Airel: The Awakening is a young adult paranormal romance about the angel Kreios who falls so deeply in love with a woman that he chooses to fall from heaven to be with her. She gives birth to a daughter in Arabia, 1250BC. The girl is pursued ferociously, relentlessly by an enemy in the deepest darkness.My Review: Airel was amazing. The characters were fun. Though there were times I felt like I was reading another version of twilight I have to say Airel had some personality, unlike Bella. I liked reading the flashbacks involving Kreios more than I liked reading about Airels crush on a hot new classmate. I just wished the book was a bit longer because it had only gotten exciting in the end while the rest of the book seemed like an intro.
Authors: Aaron Patterson is a NEW YORK TIMES and USA TODAY bestselling author of over a dozen novels. He writes hard-boiled thrillers and young adult fantasy. He was home-schooled and grew up in the west. Aaron loved to read as a small child and would often be found behind a book, reading one to three a day on average. This love drove him to want to write, but he never thought he had the talent. He wrote Sweet Dreams, the first book in the WJA series, in 2008. Airel is his first teen series, and plans for more are in the works. He lives in Boise, Idaho with his family.
Praise for the book:
“This is not your typical fallen angel story. It is one that has left me breathlessly waiting for the next one in the series.” --Sandra Stiles, Amazon review “T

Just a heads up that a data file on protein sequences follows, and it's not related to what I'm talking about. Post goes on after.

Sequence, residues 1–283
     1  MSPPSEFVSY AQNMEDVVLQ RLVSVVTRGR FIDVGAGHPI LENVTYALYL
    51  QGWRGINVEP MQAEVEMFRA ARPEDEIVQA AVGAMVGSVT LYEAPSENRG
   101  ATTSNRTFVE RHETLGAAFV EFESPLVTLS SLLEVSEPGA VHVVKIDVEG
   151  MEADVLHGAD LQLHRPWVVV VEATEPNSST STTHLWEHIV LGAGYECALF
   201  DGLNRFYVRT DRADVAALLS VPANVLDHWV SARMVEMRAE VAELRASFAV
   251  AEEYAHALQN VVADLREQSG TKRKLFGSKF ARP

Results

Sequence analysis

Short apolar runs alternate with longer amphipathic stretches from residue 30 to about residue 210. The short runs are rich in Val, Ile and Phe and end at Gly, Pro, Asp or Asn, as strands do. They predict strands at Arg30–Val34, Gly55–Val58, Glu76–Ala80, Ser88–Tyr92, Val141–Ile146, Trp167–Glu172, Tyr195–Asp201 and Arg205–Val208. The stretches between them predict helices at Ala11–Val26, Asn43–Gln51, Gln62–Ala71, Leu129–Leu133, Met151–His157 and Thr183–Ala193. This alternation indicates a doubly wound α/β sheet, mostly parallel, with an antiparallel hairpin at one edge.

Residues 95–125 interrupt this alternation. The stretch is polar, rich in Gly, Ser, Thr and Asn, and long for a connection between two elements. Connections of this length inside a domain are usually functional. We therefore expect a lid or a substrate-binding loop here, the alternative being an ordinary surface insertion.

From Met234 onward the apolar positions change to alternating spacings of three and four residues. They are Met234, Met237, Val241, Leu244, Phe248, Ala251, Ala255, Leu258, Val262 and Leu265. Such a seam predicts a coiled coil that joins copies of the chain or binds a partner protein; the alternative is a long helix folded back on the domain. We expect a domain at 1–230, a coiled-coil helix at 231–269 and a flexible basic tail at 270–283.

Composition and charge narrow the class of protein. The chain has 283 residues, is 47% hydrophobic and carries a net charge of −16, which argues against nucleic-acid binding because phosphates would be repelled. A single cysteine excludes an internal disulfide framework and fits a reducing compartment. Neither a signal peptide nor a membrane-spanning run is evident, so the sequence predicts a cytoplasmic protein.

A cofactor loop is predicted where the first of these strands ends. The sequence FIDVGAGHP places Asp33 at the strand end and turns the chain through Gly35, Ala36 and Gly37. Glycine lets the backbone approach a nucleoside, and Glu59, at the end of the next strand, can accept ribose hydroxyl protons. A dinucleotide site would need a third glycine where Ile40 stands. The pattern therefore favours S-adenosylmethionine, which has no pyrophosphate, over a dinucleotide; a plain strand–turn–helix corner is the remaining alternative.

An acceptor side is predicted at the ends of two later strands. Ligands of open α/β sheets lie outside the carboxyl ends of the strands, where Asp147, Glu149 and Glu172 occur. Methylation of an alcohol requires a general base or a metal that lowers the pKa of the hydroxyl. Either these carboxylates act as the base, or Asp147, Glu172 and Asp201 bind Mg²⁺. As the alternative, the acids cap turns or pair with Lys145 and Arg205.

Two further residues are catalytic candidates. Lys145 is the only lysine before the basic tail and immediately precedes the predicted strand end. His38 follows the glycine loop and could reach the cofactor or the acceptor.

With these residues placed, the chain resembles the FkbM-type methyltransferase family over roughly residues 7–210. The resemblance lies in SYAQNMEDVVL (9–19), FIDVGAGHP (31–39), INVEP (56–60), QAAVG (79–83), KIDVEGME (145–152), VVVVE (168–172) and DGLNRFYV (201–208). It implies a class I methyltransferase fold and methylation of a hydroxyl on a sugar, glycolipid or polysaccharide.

“A beautifully written and crafted fiction about teenage innocence, faith, loss and love. A must read for teens and adults alike." --Vincent Zandri, International Bestselling Author of The Remains, The Innocent, and Concrete Pearl
“This was such a unique twist to the common way angels are portrayed…. The struggle between good and evil is the forefront of this great story!” – Courtney, Amazon review
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Excerpts from Airel: The Awakening by Aaron Patterson & Chris White
----------------- EXCERPT #1 ---------------------
“Nice shirt,” Kim said. She was my best friend, my shopping buddy. We were an unlikely story, the two of us, but that was what made it work. She glared at my shirt as she sat down next to me. “You took the tags off, didn’t you?”
“Called it,” I said.
She made a face to punish me for my insolence, but then took off on a whole different subject.
That’s my Kim.